When, in an interview in 1999, Eilís O’Connell said that “the whole field of public art” was more developed in England, and much more progressive there, she was speaking from experience. Although born in Ireland – in Derry, in 1953 – she was then based in London and had completed a string of commissions for venues in the UK.
Her experience of working in Ireland had been marred by the controversy that surrounded her public sculpture The Great Wall of Kinsale. Commissioned by the Arts Council for the local urban district council, to celebrate Kinsale's achievements in the Tidy Towns competition, the sculpture was intended to serve as an entrance to Kinsale Town Park. The local TD Joe Walsh (who was also minister of state for agriculture at the time) unveiled the sculpture on July 24th, 1988, describing it as the highlight of improvements to the park.
Although many agreed with him, not all locals were so enthusiastic, and some placard-carrying protesters made their grievances clear at the unveiling.
O'Connell already had a considerable reputation as a sculptor when she received this commission in 1987. She had trained under John Burke at the Crawford School of Art, in Cork (from 1970 to 1974), as a result of which she became particularly accomplished at working in steel. Time that she spent studying sculpture in Boston in the mid-1970s augmented not just her early studies but also her awareness of the work of artists abroad. It is unsurprising that she lists the American Richard Serra among artists whose work she admires.
Back in Ireland O'Connell was among the winners of the GPA Awards for Emerging Artists in their inaugural year, 1981. She was a participant in Rosc '84 and was elected to Aosdána the same year.
She was well positioned to be selected for the Kinsale commission, acknowledged at the time as the largest of its kind among public-art commissions in the country. The length and narrowness of the site and its proximity to the harbour did not necessarily facilitate the realisation of two aspects of the commission brief: first, the gateway element and, second, that the material be maintenance-free. But O’Connell’s assured handling of the brief resulted in a creation that has a commanding yet subtle presence on the quay.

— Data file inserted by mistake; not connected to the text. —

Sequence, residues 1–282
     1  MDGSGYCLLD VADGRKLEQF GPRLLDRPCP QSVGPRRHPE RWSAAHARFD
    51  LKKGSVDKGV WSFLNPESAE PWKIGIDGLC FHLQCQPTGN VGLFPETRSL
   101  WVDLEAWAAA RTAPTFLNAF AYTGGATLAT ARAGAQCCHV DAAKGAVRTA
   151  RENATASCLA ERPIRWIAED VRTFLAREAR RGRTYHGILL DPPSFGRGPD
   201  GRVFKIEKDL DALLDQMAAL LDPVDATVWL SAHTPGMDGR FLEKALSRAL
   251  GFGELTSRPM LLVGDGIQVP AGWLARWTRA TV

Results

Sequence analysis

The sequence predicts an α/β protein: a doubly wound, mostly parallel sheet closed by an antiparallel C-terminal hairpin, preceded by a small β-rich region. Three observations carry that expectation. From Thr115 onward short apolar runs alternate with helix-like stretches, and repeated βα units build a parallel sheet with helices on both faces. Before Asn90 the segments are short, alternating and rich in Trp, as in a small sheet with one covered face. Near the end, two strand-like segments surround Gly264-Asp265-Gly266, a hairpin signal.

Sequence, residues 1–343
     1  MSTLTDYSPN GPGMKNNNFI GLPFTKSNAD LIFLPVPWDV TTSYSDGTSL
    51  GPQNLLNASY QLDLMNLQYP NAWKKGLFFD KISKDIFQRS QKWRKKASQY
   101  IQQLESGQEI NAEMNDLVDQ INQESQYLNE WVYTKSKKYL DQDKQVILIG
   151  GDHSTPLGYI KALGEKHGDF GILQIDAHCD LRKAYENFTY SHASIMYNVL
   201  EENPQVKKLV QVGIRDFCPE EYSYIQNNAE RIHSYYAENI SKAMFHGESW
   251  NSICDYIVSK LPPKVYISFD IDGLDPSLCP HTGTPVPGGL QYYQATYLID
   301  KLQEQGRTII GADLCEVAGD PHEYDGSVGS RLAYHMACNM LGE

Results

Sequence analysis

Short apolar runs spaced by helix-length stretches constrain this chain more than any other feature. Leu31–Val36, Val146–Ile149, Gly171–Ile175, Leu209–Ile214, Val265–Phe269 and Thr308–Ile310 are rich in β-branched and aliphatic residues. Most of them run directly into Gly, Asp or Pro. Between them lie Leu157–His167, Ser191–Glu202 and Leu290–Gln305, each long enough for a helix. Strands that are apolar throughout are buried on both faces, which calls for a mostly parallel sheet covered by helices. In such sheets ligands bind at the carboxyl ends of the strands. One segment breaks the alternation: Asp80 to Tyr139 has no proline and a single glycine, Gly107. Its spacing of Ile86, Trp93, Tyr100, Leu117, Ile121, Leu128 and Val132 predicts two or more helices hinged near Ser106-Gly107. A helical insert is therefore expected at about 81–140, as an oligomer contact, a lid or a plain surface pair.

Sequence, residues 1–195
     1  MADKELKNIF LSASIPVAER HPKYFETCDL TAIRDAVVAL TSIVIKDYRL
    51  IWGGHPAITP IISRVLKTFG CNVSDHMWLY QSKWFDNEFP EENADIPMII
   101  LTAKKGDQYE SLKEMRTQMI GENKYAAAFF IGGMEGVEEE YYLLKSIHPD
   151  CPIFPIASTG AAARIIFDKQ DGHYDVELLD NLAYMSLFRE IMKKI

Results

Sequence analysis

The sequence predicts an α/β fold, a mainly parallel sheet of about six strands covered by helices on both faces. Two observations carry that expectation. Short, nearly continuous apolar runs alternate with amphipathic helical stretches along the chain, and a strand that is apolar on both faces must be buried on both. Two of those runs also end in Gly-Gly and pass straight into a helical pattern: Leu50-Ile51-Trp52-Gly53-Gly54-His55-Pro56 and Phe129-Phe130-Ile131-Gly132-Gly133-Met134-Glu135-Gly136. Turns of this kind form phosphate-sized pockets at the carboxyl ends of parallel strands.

Abstract, undulating and harmonious, the work, comprising open and closed forms, incorporates such practical components as seating and shelter. The use of Cor-Ten steel for the rhythmic forms was intended, if permitted, to allow the structure to age naturally, with visual and textural interest.
What could possibly be the objections? The work was considered hazardous, with its tent-like forms encouraging children to cycle up them, and the colour and finish of the material were considered unsightly. (Coincidentally, this was the same material that Michael Warren used in his controversial Gateway, erected in Dún Laoghaire in 2002 and removed in 2009.) Also, some locals thought that a traditional sculpture would have been more fitting.
Attempts to have the work removed, although unsuccessful so far, have never quite gone away. The sculpture remains in place, but the local authorities have introduced metal barriers, potted plants and more, and the Cor-Ten steel has been painted over. O'Connell, rightly angered, has indicated that the work has lost its original integrity. But she has also pointed out that The Great Wall of Kinsale, so controversial in Ireland, won her credit in the UK and led to her many commissions for large-scale work there.
In an exhibition at Crawford Art Gallery in 2011, O’Connell took the opportunity to transform the controversy into an artwork, showing documentary material, including newspaper cuttings, letters and photographs of the work in situ.
You can read more about this week's artwork in the Royal Irish Academy's Art and Architecture of Ireland; ria.ie